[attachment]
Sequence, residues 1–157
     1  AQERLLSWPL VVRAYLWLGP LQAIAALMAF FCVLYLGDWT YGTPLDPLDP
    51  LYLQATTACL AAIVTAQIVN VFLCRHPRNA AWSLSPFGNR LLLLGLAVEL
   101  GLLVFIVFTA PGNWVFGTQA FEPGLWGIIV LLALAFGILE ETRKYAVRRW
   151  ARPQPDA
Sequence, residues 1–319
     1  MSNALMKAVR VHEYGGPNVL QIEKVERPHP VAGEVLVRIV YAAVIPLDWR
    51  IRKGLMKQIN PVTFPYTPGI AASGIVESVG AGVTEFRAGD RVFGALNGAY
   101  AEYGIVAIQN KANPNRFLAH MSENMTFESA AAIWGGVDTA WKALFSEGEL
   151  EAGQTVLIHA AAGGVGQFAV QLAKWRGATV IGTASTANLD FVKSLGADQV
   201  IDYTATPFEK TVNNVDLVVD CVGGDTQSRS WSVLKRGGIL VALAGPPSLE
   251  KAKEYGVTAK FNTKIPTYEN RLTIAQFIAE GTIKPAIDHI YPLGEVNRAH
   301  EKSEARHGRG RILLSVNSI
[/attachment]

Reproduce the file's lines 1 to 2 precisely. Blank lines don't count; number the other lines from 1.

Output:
Sequence, residues 1–157
     1  AQERLLSWPL VVRAYLWLGP LQAIAALMAF FCVLYLGDWT YGTPLDPLDP